These days, if you have a regular bookmaker, I think you may find that he or she is quite amenable to providing you with a couple of extra turns of the decimal board. After all, there isn’t a great deal of difference between 5.10 and 5.30 (a fifth of point, in fact, and not even a quarter of a point in the old language). Bookmakers will often, when interviewed, say that they have had an enormous plunge on certain horses, and they may well have; but I have noticed occasions when their reaction to these “enormous plunges” is to drop the horse’s price from perhaps $5.20 to $4.80.

That’s not even half a point! Mostly hype at work. The bookies have it all their way with the new decimals. I don’t know one newspaper writer who remains immune to the con that we have all been sold on this. “How it would be that much better for us, etc etc”, was really a very subtle way of introducing an insidious scheme to allow the odds to be manipulated in tenths, instead of in quarters and, very rarely, in eighths. That may not seem like an enormous amount to you, but it only represents one half of the con. The other half was that (and this is where I’m still waiting to read anything by a really astute pressman) “price” was corrupted so that it now includes your stake.

A vitally important angle for you is to reinterpret every bet you make on your own terms, and not those of the TAB or the bookmaker. In other words, when you are told that the price is $8.00, you must think to yourself, as you used to in the good old days before the pirates took over the ship, “This is 7/1 that I am being offered, it is not 8/1. The 8/1 includes my stake!” Remember that, and you have mastered a vital angle in the 21st century struggle.

Some issues we have covered so far include the vexing question of handicaps versus set weight races, the significance of claims and allowances (usually none, or negative – bet that upset a few readers last month), the vital nature of the win strike ratio, plus, of course, class, knowing what price really is, sticking (or not), and so forth, but to conclude this series I’d like to go back to another one of these. It’s the question of the barrier draw.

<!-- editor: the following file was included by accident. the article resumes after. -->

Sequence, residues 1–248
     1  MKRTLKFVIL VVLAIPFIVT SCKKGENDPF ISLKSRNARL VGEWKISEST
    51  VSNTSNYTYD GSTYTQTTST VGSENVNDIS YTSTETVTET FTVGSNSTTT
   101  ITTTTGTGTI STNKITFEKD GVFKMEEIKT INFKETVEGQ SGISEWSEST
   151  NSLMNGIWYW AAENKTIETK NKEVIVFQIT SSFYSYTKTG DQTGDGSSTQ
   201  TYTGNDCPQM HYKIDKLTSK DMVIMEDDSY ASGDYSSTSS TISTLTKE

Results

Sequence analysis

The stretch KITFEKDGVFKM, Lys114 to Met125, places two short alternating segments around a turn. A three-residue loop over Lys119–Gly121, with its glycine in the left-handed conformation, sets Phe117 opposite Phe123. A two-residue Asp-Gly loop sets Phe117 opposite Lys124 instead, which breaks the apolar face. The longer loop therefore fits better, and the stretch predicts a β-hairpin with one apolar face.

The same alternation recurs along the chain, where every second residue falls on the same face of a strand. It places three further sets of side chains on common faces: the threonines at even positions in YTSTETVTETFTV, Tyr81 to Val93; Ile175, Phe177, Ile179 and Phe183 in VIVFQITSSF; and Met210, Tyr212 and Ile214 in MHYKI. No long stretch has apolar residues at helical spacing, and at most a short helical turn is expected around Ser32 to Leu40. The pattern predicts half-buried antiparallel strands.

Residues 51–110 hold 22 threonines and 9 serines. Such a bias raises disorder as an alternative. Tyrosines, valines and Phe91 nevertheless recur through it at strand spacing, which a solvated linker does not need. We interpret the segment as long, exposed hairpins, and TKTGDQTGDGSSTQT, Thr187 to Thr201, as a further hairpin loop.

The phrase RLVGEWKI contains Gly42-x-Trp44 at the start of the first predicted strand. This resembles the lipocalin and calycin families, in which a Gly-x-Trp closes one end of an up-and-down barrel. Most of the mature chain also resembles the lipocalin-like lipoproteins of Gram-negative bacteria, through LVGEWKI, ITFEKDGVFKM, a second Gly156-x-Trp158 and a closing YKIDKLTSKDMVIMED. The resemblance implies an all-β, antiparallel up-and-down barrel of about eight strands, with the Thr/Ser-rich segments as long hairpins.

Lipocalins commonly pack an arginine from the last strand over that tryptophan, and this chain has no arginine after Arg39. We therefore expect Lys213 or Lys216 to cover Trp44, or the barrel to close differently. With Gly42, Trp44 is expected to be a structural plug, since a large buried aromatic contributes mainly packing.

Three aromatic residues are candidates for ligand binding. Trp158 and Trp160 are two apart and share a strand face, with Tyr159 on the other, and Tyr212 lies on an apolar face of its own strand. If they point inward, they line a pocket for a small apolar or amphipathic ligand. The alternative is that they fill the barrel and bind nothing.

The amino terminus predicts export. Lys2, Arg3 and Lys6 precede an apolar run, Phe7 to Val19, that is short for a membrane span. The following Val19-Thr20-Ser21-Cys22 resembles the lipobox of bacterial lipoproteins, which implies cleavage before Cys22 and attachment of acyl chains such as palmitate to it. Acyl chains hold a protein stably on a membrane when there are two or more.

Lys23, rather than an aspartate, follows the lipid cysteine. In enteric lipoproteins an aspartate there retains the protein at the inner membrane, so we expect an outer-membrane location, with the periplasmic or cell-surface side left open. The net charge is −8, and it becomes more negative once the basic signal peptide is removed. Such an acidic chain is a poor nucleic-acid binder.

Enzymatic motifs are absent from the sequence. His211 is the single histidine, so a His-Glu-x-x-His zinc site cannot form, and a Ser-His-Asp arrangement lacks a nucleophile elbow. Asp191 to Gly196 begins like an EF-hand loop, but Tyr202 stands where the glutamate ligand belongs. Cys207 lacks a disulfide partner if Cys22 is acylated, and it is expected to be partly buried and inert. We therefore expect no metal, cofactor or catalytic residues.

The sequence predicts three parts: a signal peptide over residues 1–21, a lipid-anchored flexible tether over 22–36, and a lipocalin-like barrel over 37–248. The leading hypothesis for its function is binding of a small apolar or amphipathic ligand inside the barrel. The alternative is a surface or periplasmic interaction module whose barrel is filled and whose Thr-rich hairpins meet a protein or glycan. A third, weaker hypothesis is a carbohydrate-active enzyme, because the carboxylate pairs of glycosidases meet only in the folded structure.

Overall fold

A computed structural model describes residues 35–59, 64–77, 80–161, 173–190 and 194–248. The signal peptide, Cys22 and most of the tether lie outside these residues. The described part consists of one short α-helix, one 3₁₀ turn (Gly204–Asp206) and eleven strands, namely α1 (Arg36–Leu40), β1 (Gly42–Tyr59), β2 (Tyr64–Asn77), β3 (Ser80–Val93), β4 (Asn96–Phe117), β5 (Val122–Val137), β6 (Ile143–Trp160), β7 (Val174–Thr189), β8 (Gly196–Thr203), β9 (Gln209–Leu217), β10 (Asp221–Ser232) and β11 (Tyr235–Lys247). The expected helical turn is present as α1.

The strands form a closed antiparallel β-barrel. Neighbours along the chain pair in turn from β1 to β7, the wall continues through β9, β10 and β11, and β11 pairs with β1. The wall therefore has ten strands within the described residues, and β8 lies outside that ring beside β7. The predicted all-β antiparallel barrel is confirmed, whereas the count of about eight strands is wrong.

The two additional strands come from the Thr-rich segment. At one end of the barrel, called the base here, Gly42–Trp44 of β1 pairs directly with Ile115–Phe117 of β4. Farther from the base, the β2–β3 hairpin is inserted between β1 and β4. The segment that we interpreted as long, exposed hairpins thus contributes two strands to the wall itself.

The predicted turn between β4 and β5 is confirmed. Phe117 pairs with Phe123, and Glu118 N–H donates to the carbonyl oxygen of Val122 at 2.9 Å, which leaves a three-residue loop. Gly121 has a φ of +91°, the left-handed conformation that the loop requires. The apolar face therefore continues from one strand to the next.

After the Flemington carnival, I spent a great deal of time reflecting on barrier draws and their effects. I went back further, to the Caulfield spectacles and then across to Moonee Valley, the smallest of the Melbourne tracks and arguably, at some starting points, a total graveyard if you draw the wrong barrier.

I cannot ever remember a series of great races so affected by the barrier draw. I didn’t particularly mean for what I wrote last month to be prophetic, and anyway it didn’t manage to find you until after the carnival had been completed, but that doesn’t alter the fundamental thrust of the argument. The angle concerning barriers was vital beyond all my expectations. I counted no less than eight certain races which, at least in my opinion, would have had different placegetters had the barriers been reversed. The way I decided to test my opinion was simply to “mirror image” the barrier draw, so that, in an 18 horse race, I reversed the barrier allocations.

To explain a little further: if a horse drew barrier 1, it was allocated barrier 18, and if it drew, say, barrier 14, I allocated it barrier 5. Get the idea? Instead of it starting five in from the outside, it started five out from the inside.
I was startled by the results, especially when I looked at horses which had won several of the big races; but even more so when I looked at the placegetters and I checked the very close fourths and fifths.

As I have said, in my view there were at least eight major races, mostly to 1600m, decided by the barrier draw. This is an angle which I have tried to examine from every conceivable viewpoint over the years, but I’m becoming even more convinced, the older I get, and the more experienced I get, that supporting horses from demonstrably bad barriers cannot be compensated by any additional odds which are offered.

You can’t argue that a few points extra will compensate, when the bottom line is that it doesn’t matter if you are offered $6 or $60, the horse still won’t win!

I really believe, with the intense closeness of racing these days, that it might be time for the average punter to make a very simple and arbitrary rule about bad barriers. They are OUT. It’s a radical step but it might be more massively significant than most punters are prepared to acknowledge. If they won’t, well, be that on their own heads!

Click here to read Part 1.

By The Optimist